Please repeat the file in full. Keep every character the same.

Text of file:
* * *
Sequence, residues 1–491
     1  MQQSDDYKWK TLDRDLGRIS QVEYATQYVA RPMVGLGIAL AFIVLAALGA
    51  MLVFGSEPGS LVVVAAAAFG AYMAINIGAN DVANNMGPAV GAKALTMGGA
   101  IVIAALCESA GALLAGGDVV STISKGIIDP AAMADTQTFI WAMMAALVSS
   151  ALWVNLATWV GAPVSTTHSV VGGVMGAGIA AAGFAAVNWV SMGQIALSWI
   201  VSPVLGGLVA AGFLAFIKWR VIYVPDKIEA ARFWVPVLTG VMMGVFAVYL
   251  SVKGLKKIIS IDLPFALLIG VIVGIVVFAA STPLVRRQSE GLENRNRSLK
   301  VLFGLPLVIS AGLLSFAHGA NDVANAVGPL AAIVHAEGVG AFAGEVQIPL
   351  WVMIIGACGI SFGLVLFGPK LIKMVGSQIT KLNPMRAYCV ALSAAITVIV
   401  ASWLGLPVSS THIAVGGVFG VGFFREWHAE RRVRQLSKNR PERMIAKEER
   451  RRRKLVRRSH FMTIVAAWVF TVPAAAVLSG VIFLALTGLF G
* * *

Sequence, residues 1–491
     1  MQQSDDYKWK TLDRDLGRIS QVEYATQYVA RPMVGLGIAL AFIVLAALGA
    51  MLVFGSEPGS LVVVAAAAFG AYMAINIGAN DVANNMGPAV GAKALTMGGA
   101  IVIAALCESA GALLAGGDVV STISKGIIDP AAMADTQTFI WAMMAALVSS
   151  ALWVNLATWV GAPVSTTHSV VGGVMGAGIA AAGFAAVNWV SMGQIALSWI
   201  VSPVLGGLVA AGFLAFIKWR VIYVPDKIEA ARFWVPVLTG VMMGVFAVYL
   251  SVKGLKKIIS IDLPFALLIG VIVGIVVFAA STPLVRRQSE GLENRNRSLK
   301  VLFGLPLVIS AGLLSFAHGA NDVANAVGPL AAIVHAEGVG AFAGEVQIPL
   351  WVMIIGACGI SFGLVLFGPK LIKMVGSQIT KLNPMRAYCV ALSAAITVIV
   401  ASWLGLPVSS THIAVGGVFG VGFFREWHAE RRVRQLSKNR PERMIAKEER
   451  RRRKLVRRSH FMTIVAAWVF TVPAAAVLSG VIFLALTGLF G